Rosters are just about to go from Foster’s oil cans to forties for our annual tradition of getting completely wasted on rookie nookie. I remember in September of 1997, this young talkative player debuted. He could spin a yarn as well as he could spin his bat. That player had modest power in the minors and was hitting .361 in Triple-A at the time of his call-up. His name: Sean Casey. He had a solid career, hitting for modest power and a solid average. Later he became more known for his defense. Not with his glove, but how hitters would purposely not get a hit so they didn’t have to stand on first and hear him talk. He’d say there’s nothing a good conversation can’t defend. What is all of this getting at? That first year Sean Casey was called up, he didn’t do anything. Looked totally overmatched. Now if I would’ve dropped Ryan Klesko to grab Sean Casey, I would’ve missed out on a damn fine September from Klesko. If that happened, it may have shook my confidence in the great game of baseball and the ability to grow sideburns, and maybe I would’ve never have went on to become the fantasy baseball ‘pert you’ve grown to love and secretly dream up of scenarios where we’re hanging out and sharing a burrito. A parallel universe none of us want to imagine. So, be careful about who you drop in the coming days as players are called up. I love Joc Pederson, I’ll probably make him my preseason NL Rookie of the Year next year, but this year he may not even have a starting job.* *Fantasy Players who read this also searched for Kevin Maas, Sam Horn and Nadir Bupkis. Anyway, here’s some more players to Buy or Sell this week in fantasy baseball:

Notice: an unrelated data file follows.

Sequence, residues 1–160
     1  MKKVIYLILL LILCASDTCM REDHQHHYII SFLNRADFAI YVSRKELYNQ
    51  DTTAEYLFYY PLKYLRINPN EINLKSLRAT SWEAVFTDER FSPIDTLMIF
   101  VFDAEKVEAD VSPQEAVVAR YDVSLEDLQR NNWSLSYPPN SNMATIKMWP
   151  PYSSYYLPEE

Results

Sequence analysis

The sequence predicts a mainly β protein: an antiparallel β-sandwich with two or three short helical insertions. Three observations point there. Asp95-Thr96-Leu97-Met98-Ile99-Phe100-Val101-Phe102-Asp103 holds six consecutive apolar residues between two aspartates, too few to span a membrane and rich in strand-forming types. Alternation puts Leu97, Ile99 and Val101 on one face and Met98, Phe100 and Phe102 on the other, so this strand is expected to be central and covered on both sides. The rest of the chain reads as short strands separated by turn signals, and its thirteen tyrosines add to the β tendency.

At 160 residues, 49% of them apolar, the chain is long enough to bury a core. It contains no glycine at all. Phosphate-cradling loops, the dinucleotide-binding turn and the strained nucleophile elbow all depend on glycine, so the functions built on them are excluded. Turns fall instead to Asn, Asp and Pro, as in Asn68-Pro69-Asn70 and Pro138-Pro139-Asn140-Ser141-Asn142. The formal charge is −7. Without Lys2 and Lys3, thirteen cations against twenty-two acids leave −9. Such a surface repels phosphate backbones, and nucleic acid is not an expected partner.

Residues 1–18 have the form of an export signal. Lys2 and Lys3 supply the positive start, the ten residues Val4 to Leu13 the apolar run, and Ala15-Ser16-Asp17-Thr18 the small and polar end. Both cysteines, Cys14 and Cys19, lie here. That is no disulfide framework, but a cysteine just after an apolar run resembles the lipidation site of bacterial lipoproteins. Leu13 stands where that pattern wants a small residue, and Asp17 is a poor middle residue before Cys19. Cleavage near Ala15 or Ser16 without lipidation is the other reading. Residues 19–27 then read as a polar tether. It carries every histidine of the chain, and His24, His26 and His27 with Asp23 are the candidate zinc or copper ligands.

Please, blog, may I have some more?